PRESS RELEASE: Swimming startup introduces PaceWatch™, a pace clock for your wrist
15 July, 2013
BOZEMAN, MONT., July 15, 2013 -- Interval training is a key component of an effective swimming workout. For over 50 years, a pace clock has been the primary tool used by swimmers for interval training. But for swimmers who are among the 33% of the U.S. population with myopia, or nearsightedness, simply seeing the pace clock can be a challenge. That’s where the PaceWatch™ comes in. Created by Brilliant Swim™, a startup based in Bozeman, Montana, the PaceWatch takes the classic pace clock that’s as familiar to swimmers as the ever-present scent of chlorine on their skin, and makes it readily accessible and easy-to-read.
“We created the PaceWatch to solve a problem that I had as a near-sighted masters swimmer,” said Brilliant Swim founder Phillip Luebke, 42. “The lane I practice in at our local pool is about 30 to 40 feet from the nearest pace clock. My eyesight’s not too bad, but I used to have to take my goggles off, then stare-and-squint to make out the moving hand on the clock. Not anymore. With the PaceWatch, I simply synchronize it at the beginning of practice and then I have my own personal pace clock to use throughout practice.”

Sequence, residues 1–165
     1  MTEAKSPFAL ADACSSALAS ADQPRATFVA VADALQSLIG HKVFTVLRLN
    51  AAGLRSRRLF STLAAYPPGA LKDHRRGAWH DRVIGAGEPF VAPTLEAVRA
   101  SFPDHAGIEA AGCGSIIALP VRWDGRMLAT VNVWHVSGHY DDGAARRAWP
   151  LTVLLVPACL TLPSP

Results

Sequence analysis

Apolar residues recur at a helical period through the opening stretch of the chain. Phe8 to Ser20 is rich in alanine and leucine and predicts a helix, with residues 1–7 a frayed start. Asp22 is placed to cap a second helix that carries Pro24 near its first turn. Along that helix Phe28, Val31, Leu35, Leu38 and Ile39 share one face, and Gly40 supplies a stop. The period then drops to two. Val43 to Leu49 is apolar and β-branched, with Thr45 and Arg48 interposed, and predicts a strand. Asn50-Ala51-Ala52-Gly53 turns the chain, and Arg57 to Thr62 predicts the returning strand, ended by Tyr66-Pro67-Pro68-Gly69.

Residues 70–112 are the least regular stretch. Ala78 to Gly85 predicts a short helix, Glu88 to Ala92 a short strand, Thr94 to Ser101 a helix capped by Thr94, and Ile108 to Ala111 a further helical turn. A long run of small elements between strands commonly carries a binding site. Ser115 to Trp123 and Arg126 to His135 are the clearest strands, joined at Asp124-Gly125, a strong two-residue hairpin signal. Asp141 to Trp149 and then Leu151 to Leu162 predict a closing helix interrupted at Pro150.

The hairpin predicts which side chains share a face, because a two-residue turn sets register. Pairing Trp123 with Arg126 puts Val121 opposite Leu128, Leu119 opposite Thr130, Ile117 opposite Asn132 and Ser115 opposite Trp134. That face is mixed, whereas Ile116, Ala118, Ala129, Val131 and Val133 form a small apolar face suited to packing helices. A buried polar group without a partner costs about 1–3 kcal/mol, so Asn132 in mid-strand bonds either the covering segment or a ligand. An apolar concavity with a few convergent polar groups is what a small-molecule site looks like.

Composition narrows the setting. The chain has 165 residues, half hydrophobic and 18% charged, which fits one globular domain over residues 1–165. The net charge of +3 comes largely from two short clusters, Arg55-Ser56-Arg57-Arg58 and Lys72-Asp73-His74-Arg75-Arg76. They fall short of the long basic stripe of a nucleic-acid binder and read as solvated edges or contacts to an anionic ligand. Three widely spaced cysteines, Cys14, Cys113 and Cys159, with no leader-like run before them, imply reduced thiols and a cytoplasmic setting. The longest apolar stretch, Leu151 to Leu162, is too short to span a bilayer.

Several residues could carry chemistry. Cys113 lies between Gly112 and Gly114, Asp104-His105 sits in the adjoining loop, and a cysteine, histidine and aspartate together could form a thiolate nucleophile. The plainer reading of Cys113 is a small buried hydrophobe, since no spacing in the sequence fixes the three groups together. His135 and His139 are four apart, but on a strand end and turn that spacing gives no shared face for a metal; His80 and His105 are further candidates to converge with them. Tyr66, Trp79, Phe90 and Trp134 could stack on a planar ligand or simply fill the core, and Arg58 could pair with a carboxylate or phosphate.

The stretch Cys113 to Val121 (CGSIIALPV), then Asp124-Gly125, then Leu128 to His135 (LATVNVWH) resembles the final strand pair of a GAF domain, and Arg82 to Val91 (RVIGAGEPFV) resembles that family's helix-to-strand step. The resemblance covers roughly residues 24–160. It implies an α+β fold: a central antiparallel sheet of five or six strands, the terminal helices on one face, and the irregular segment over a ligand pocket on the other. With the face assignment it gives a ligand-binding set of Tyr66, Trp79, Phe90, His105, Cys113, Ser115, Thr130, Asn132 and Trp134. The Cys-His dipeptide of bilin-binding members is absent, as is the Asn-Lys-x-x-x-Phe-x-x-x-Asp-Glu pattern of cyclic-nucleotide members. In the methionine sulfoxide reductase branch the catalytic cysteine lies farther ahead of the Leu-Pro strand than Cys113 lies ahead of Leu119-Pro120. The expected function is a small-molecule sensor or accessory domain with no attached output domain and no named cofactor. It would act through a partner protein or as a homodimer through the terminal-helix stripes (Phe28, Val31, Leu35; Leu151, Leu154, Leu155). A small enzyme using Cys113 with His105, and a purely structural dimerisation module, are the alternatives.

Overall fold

True to the design of the original swimming pace clock, which was invented by the late, legendary swimming coach James “Doc” Counsilman in 1959, the PaceWatch is simple and uncluttered, with no unnecessary features to distract from its primary function. It has a red second hand, a black minute hand and high-contrast black and red markings on an oversized white dial. To hold up in the harsh pool environment, the case is constructed of marine-grade stainless steel and is water-resistant to a depth of 50 meters (5 ATM).
But the most important feature of the PaceWatch, according to Luebke, is its slim profile. At 7.5 mm, the PaceWatch is slimmer than any of the water-resistant sport watches currently on the market.
“What we found in our preliminary research is that swimmers hate wearing bulky watches when they swim, and all the multifunction sports watches out there are bulky,” said Luebke. “Even the ones that are supposedly designed for swimmers are not very hydrodynamic. We wanted to make the PaceWatch as slim as possible.”
The PaceWatch retails for $74.99. Brilliant Swim is now accepting preorders on its website, brilliantswim.com. The company expects to begin shipping product in September 2013.
Photo of the PaceWatch from Brilliant Swim
Photo of James "Doc" Counsilman and his invention, the pace clock, circa 1961. Photo courtesy: Indiana University Archives (P0022979)
About Brilliant Swim:
Brilliant Swim (http://brilliantswim.com), based in Bozeman, Montana, was started by Phillip Luebke in late 2012 to provide swimmers and triathletes with innovative tools and unprecedented access to information that will help them maximize their training and perform at peak levels in competition. The PaceWatch, introduced in 2013, is the first of many planned products that the company hopes will become as common as kickboards and pull buoys are today.
Founder & Chief Swimming Officer